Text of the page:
There Isn ’t a COVID-19 Vaccine Yet. But Some Are Already Skeptical About It
Amid the American flags, “Make America Great Again” hats and “freedom is essential” posters appearing at recent protests against coronavirus lockdowns in Sacramento, Calif., another familiar slogan has materialized: “We do not consent.” It’s long been a popular rallying cry among antivaccine activists, who claim without evidence that vaccines cause autism or other conditions. As the COVID-19 pandemic rages on, those activists have become intertwined with demonstrators who want businesses to reopen despite public health experts’ warnings. Offline, the “anti-vaxxers” have done little beyond appear at sparsely-attended but widely-publicized rallies. But online, well-known antivaccine activists like Robert F. Kennedy Jr. and Del Bigtree have been hard at work sowing doubt about the COVID-19 vaccine—a vaccine that does not yet exist, and likely will not exist for many months, if not longer. Yet their efforts seem to be working: approximately one in five Americans have already expressed unwillingness to get an eventual COVID-19 vaccine, according to an April 15 survey undertaken by Matt Motta, an assistant professor of political science at Oklahoma State University, and Kristin Lunz Trujillo, a University of Minnesota graduate student. “If we only saw it at the level of anti-vaxxers online, in very engaged and small communities, but it didn’t translate to the public, I would feel a little bit better,&rd...
Publication date: 15 February 2021Source: Journal of Hazardous Materials, Volume 404, Part AAuthor(s): Zhongyi Zhang, Wen-Xiong Wang, Nengjian Zheng, Yansheng Cao, Hongwei Xiao, Renguo Zhu, Hui Guan, Huayun Xiao
Publication date: Available online 10 October 2020Source: American Journal of Kidney DiseasesAuthor(s): Shreeram Akilesh, Cynthia C. Nast, Michifumi Yamashita, Kammi Henriksen, Vivek Charu, Megan L. Troxell, Neeraja Kambham, Erika Bracamonte, Donald Houghton, Naila I. Ahmed, Chyi Chyi Chong, Bijin Thajudeen, Shehzad Rehman, Firas Khoury, Jonathan E. Zuckerman, Jeremy Gitomer, Parthassarathy C. Raguram, Shanza Mujeeb, Ulrike Schwarze, M. Brendan Shannon
Publication date: Available online 9 October 2020Source: Reumatología Clínica (English Edition)Author(s): Lina María Saldarriaga Rivera, Daniel Fernández Ávila, Wilson Bautista Molano, Daniel Jaramillo Arroyave, Alain Jasaf Bautista Ramírez, Adriana Díaz Maldonado, Jorge Hernán Izquierdo, Edwin Jáuregui, María Constanza Latorre Muñoz, Juan Pablo Restrepo, Juan Sebastián Segura Charry
CONCLUSIONS: This single practice study showed total patient contact was similar over both sample periods, but most contact in 2020 was virtual. Further longitudinal multi-practice studies to confirm these findings and describe future consultation patterns are needed to inform general practice service delivery post-COVID-19. PMID: 33032304 [PubMed - in process]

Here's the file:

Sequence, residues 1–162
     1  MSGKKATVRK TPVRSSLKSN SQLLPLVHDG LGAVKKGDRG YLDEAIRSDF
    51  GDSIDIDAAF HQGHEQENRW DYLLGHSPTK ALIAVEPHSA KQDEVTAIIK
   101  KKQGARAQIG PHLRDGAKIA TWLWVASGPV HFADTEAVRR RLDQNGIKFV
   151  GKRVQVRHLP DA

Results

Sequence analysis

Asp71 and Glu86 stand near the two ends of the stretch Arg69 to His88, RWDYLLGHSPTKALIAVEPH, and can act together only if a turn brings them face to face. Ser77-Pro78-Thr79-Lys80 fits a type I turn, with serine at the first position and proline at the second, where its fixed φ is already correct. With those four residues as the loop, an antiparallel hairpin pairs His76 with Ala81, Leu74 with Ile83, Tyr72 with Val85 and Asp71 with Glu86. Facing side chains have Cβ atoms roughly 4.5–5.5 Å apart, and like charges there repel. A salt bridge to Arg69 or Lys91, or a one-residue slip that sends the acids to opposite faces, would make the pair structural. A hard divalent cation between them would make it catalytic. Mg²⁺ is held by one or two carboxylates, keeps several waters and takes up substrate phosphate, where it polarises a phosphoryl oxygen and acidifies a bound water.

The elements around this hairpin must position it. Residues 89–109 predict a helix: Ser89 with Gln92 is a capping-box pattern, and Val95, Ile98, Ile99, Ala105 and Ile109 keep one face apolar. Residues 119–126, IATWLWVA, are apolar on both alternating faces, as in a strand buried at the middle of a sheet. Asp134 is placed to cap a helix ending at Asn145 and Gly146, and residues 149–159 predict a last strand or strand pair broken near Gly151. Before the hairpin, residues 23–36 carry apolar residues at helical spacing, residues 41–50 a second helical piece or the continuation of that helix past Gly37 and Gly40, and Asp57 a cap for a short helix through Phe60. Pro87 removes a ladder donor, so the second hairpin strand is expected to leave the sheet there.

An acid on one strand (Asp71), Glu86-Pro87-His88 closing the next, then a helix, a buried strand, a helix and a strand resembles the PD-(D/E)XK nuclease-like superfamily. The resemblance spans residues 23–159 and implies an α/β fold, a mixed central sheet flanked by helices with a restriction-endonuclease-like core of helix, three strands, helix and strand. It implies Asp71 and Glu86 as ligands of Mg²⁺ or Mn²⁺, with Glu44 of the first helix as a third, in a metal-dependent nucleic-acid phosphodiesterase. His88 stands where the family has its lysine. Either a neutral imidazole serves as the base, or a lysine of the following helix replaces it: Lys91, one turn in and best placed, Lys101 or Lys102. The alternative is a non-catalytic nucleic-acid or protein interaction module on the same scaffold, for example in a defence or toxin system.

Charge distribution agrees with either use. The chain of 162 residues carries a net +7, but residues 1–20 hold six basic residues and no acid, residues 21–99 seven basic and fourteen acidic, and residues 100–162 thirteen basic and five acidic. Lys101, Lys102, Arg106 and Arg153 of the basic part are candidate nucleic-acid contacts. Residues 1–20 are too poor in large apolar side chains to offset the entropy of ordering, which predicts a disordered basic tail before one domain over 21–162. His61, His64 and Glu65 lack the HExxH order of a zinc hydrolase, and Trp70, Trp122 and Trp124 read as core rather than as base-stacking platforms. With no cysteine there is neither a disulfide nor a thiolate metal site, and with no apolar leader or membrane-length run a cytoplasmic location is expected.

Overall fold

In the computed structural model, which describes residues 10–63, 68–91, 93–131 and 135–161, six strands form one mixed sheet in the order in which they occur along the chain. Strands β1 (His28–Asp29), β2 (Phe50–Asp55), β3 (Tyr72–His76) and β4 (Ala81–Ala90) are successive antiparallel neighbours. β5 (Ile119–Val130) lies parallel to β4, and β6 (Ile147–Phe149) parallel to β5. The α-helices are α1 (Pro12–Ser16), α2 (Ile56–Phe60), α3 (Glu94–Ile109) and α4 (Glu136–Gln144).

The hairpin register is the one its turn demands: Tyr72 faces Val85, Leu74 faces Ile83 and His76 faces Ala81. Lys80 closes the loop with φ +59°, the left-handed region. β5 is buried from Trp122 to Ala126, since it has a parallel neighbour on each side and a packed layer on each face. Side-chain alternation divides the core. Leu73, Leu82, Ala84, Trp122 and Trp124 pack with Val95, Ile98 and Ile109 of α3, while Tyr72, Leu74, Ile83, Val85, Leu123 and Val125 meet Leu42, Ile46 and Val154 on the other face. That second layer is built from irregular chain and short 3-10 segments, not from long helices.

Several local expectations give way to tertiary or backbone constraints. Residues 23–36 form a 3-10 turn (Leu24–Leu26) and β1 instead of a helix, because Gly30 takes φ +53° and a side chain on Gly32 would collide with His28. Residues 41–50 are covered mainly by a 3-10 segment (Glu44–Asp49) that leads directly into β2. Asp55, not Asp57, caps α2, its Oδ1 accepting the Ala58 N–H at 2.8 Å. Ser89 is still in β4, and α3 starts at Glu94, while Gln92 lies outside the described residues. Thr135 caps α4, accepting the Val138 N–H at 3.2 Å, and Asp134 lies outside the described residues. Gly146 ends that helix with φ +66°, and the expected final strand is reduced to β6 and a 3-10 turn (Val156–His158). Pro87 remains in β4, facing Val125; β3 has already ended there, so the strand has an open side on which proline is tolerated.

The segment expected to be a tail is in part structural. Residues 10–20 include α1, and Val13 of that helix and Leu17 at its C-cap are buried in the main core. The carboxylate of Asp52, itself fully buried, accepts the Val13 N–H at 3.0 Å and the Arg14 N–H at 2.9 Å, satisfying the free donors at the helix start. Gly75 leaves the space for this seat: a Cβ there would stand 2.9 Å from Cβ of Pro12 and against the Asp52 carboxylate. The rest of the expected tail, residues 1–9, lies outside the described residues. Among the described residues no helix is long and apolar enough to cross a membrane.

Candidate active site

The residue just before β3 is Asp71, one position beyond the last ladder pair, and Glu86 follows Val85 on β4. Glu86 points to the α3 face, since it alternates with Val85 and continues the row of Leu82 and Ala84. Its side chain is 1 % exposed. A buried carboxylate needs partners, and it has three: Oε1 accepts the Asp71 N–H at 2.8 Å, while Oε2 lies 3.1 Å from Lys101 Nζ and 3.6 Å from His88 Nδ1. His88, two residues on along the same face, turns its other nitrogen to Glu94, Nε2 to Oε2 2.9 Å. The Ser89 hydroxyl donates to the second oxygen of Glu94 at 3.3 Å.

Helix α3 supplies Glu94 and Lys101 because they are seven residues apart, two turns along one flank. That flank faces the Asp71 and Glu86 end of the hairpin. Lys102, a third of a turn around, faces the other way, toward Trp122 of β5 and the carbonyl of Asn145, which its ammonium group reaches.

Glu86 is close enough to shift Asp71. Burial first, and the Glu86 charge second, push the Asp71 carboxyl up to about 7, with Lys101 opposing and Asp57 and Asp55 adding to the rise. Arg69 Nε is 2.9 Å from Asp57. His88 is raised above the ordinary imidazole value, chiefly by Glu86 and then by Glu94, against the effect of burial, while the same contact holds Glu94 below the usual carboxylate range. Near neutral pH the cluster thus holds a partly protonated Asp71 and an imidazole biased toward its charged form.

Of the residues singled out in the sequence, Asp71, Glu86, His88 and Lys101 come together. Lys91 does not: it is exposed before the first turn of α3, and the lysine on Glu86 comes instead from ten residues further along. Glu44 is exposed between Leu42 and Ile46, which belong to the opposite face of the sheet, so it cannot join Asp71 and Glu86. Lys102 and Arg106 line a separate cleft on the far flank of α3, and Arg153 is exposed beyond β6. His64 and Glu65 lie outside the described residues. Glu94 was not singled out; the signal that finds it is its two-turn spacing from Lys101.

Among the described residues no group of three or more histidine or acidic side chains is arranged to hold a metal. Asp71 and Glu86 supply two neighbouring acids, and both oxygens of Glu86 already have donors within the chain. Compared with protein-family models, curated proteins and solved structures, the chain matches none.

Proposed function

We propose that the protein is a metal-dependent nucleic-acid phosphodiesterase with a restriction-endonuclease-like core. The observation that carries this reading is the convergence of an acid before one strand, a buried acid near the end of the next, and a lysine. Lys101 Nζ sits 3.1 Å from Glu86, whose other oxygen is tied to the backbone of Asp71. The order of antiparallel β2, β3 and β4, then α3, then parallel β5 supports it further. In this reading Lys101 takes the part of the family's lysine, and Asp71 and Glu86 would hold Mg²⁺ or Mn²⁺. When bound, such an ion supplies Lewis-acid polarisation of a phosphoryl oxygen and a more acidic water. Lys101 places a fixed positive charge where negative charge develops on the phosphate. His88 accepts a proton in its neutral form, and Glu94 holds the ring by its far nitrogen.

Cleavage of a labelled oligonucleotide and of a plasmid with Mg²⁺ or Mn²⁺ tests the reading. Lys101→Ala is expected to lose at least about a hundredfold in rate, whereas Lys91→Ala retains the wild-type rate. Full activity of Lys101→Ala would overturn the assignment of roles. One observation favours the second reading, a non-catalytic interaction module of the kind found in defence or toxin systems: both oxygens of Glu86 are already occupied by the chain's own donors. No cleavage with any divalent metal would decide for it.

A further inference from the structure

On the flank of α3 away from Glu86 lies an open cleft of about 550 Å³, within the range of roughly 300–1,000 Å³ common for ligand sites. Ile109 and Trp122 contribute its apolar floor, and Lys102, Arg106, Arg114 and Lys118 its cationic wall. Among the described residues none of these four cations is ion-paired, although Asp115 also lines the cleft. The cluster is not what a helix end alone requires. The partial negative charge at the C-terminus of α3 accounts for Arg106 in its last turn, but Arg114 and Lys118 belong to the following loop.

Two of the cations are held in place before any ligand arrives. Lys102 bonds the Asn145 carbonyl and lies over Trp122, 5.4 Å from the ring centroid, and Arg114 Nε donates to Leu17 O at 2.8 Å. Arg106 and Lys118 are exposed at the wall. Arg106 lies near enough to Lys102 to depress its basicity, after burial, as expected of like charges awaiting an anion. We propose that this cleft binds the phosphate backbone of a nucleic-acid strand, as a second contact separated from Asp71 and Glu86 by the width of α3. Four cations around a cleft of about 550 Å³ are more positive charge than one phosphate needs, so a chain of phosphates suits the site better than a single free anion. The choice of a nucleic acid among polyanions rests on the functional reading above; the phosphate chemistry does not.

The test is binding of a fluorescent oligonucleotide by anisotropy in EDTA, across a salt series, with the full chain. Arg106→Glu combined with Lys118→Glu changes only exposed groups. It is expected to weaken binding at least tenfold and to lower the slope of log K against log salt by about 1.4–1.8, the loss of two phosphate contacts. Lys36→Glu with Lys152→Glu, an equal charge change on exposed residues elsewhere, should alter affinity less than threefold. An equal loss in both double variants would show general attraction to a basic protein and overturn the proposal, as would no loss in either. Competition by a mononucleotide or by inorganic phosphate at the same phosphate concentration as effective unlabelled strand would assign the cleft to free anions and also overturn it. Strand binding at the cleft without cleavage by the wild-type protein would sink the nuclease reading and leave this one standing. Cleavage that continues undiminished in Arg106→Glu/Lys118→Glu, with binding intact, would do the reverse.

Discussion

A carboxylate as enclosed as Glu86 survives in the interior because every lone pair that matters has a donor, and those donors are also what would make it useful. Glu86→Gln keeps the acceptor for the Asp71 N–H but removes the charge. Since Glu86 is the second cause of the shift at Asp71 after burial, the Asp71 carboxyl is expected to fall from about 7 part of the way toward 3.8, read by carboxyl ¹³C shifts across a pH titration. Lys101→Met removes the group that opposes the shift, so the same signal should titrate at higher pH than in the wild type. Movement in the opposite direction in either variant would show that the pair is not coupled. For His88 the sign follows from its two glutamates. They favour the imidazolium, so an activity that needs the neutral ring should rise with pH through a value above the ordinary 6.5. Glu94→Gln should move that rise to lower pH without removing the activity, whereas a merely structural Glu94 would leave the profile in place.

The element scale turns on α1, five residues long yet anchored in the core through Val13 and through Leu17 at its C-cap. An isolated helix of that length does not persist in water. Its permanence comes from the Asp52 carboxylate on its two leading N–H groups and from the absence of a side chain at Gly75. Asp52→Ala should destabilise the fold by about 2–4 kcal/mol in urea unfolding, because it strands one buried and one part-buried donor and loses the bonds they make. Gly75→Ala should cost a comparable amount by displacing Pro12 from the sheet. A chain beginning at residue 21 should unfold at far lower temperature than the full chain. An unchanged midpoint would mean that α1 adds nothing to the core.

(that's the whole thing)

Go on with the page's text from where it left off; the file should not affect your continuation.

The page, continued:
Publication date: Available online 1 October 2020Source: Academic RadiologyAuthor(s): Neo Poyiadji, Chad Klochko, Jeff LaForce, Manuel L. Brown, Brent Griffith
Curious what people think with pandemic and lack of away rotations.
Publication date: 15 February 2021Source: Personality and Individual Differences, Volume 170Author(s): Brian W. Haas, Fumiko Hoeft, Kazufumi Omura
Publication date: Available online 10 October 2020Source: Academic PediatricsAuthor(s): Bonnie Crume
This study therefore investigated the impacts of RRCC on air pollution based on detailed household heating data obtained from intensive face-to-face interviews in Shandong province, China. The total contributions and specific contributions of coal, stoves, and coal-stove combinations to air pollution were simulated using the WRF-CAMx-PSAT model. The RRCC for heating had a considerable impact on air pollution, contributing 36.1, 9.1, and 16.1% of atmospheric SO2, NOx, and PM2.5 in winter, respectively. Different coal-stove combinations had different impacts on air pollution and mitigation efficiencies. The combination of bi...
Abstract Trace metals concentrations of 25 elements were determined for 22 subcomponents of biodegradable and non-biodegradable waste samples representing the United States municipal solid waste (MSW) stream collected during three separate waste sorts. The subcomponent trace metal concentrations and estimated composition results were used to predict trace metal concentrations present in the overall MSW stream along with MSW compost and waste to energy (WTE) ash, which were compared to health-based standards (i.e., US EPA regional screening levels) and to values previously reported in the literature. These estimate...
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